Some games offer removal of waiting time to open chests and rewards to provide a seamless gaming experience, while others, like candy crush, use micro-triggers to keep players hooked up. These developers understand the fact that people have an inherent preference for things that are scarcely available and thus provide players with exhaustive lives that revive only after 30 minutes. The player is thus left with the option to either wait or pay to play. Some games even send players reminders about special events or items for the given day, and if they haven’t played in a while, induce players to open the game and start playing. Games like Clash of Clans and Asphalt Legends require players to put considerable time and effort into developing game characters or building vehicles by collecting parts and upgrading levels to improve performance. When players get attached to their character or vehicle, gaming companies lure them into paying for these level upgrades and components for character development. These developers also use strategies such as limited-time offers, free trials and discounts on long-term subscriptions to create urgency amongst players and get them to convert.

However, freemium games are often criticised for favouring money over skill since they provide an unfair advantage to those who are willing to pay. This frustrates players as they feel the gaming companies are trying to soak in as much money as they can from the players’ pockets. These companies may need to operate at a loss for a considerable time as once people become habitual to playing for free, it is tough to convince them to pay for add-ons. The company is also required to put equal resources, at least initially, with both paying and non-paying customers, increasing their overall costs.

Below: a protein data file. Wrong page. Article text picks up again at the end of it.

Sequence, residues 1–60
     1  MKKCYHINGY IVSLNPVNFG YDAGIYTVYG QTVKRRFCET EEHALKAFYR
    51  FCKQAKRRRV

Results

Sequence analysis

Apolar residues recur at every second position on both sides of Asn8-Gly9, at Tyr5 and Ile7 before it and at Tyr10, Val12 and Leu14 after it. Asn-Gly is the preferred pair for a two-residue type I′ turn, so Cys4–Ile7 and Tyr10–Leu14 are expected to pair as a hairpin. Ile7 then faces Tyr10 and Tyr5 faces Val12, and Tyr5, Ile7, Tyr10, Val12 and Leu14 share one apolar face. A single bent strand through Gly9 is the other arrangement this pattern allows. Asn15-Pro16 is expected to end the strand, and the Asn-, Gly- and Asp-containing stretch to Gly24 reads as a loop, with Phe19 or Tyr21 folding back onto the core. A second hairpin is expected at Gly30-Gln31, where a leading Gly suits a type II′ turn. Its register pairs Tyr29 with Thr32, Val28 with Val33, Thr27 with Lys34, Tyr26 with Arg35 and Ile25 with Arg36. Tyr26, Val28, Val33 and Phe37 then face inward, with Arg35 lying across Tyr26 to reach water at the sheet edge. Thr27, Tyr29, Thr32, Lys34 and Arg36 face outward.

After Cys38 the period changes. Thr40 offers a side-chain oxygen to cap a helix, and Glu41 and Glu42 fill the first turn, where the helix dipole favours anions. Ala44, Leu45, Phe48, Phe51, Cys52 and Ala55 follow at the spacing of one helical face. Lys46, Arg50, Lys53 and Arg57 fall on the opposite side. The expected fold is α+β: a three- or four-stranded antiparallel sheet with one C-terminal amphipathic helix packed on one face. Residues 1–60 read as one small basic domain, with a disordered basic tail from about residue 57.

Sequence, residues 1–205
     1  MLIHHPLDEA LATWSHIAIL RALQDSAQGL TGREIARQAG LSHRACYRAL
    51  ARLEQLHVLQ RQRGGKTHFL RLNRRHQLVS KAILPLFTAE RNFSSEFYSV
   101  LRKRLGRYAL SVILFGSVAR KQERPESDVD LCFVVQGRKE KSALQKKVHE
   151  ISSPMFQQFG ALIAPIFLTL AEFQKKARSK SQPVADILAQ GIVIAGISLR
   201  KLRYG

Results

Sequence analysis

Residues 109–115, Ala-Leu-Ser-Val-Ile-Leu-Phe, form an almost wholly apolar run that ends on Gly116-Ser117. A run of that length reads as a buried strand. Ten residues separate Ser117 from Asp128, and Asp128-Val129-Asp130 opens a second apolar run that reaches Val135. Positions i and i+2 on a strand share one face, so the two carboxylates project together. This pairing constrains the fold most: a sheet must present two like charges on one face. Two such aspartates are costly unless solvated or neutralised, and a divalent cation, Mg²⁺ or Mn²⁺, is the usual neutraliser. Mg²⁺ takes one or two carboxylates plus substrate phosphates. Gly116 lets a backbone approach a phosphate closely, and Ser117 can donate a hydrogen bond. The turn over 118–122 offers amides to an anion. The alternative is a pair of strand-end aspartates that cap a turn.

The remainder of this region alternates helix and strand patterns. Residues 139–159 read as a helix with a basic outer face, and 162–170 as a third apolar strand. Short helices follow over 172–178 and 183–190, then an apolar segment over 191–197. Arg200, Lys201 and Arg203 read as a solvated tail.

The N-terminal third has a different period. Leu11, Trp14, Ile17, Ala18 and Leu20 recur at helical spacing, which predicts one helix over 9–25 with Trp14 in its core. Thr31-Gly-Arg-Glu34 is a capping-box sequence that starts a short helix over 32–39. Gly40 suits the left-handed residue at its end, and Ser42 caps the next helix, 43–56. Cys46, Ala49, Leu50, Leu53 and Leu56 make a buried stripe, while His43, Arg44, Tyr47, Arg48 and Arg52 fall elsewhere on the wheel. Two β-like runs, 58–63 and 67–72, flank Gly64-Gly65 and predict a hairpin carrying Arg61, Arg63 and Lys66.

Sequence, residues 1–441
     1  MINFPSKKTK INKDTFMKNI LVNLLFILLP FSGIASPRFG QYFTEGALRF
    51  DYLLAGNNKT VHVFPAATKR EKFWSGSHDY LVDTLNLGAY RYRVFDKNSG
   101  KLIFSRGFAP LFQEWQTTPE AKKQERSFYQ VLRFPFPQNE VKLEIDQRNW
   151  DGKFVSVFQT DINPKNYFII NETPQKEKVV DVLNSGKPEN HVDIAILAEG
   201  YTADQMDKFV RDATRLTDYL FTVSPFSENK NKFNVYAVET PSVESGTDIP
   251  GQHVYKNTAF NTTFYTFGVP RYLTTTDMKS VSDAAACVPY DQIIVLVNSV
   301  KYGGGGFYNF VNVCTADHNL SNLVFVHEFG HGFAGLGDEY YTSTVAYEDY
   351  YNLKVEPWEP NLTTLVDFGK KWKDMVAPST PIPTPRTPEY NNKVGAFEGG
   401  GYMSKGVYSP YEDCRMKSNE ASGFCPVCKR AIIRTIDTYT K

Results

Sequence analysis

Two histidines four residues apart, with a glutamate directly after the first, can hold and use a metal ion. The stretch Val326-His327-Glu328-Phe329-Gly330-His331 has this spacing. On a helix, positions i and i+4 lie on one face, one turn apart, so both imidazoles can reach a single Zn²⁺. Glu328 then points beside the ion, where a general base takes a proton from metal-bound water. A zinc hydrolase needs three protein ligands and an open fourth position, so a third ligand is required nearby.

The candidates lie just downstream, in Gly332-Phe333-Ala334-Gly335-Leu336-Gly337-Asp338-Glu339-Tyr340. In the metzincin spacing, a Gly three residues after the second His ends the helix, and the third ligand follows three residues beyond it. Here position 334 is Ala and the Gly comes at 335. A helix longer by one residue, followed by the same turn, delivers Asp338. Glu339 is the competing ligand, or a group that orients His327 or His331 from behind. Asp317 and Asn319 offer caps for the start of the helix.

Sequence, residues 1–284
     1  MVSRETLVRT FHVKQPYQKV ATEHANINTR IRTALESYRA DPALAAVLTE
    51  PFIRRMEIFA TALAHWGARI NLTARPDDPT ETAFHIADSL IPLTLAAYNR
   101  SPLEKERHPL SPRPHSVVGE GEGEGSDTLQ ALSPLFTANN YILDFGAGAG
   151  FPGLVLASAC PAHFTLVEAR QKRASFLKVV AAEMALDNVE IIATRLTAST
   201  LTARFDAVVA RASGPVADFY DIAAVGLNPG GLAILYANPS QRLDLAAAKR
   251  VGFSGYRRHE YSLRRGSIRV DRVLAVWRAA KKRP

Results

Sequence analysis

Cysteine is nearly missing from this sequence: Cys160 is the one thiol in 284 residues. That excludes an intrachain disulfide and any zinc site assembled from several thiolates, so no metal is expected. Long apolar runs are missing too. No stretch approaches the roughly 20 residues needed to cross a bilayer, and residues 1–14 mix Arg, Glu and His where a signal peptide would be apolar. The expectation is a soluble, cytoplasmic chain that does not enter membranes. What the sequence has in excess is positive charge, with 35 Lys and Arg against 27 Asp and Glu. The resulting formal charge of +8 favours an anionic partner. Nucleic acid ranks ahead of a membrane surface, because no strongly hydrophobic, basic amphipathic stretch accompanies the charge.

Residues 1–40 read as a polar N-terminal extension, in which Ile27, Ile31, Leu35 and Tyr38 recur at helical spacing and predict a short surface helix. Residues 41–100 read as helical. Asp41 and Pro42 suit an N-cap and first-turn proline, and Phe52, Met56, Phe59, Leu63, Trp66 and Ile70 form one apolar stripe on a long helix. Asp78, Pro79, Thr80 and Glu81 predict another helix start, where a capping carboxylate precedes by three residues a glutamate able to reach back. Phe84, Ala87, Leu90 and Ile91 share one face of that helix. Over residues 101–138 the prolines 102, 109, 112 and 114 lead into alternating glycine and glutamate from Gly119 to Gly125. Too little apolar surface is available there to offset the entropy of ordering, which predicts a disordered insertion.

Nonetheless, the freemium model is an excellent way for game developers to multiply their revenues, along with giving players the opportunity of a more customised and fun experience. It also gives many people with lower incomes the opportunity to play without spending anything, which is not the case with premium games. Since it costs nothing to start playing, players also get the chance to see if they like the game or not before actually making purchases. Also, freemium games aren’t much different from arcade-machine games. In an arcade game, the player is required to put coins in the machine to play and repeat the process if they wish to play again. It is argued that if these video games have had a history of making people pay amounts in small instalments over a long time to play, the freemium model can not be put to blame.

If we take the case of the game – Plants vs Zombies 2, the strategy of the developers there is to make money out of the most devoted players who wish to unlock every plant, and thus the barriers to play for regular players are kept to a minimum. It takes a lot of grinds to get through the levels of the game and unlock new worlds, but it is not impossible. If the player wishes to go up the ladder a little faster, they can spend some cash without the game stopping them from achieving that themselves. This is the balance that every game developing company should strive to achieve. Players want free games with the best virtual experience, and developers need to make money. The key here is to develop an intelligent business model where players are not annoyed with the free version but, at the same time, also have an incentive to upgrade to the premium version. Thus, for the freemium gaming model to be successful, there is a need for an understanding between the developers and the players so that developers can multiply their revenues and customers can get a unique and dynamic experience without worrying much about their budgets.

By Akanksha Bhatt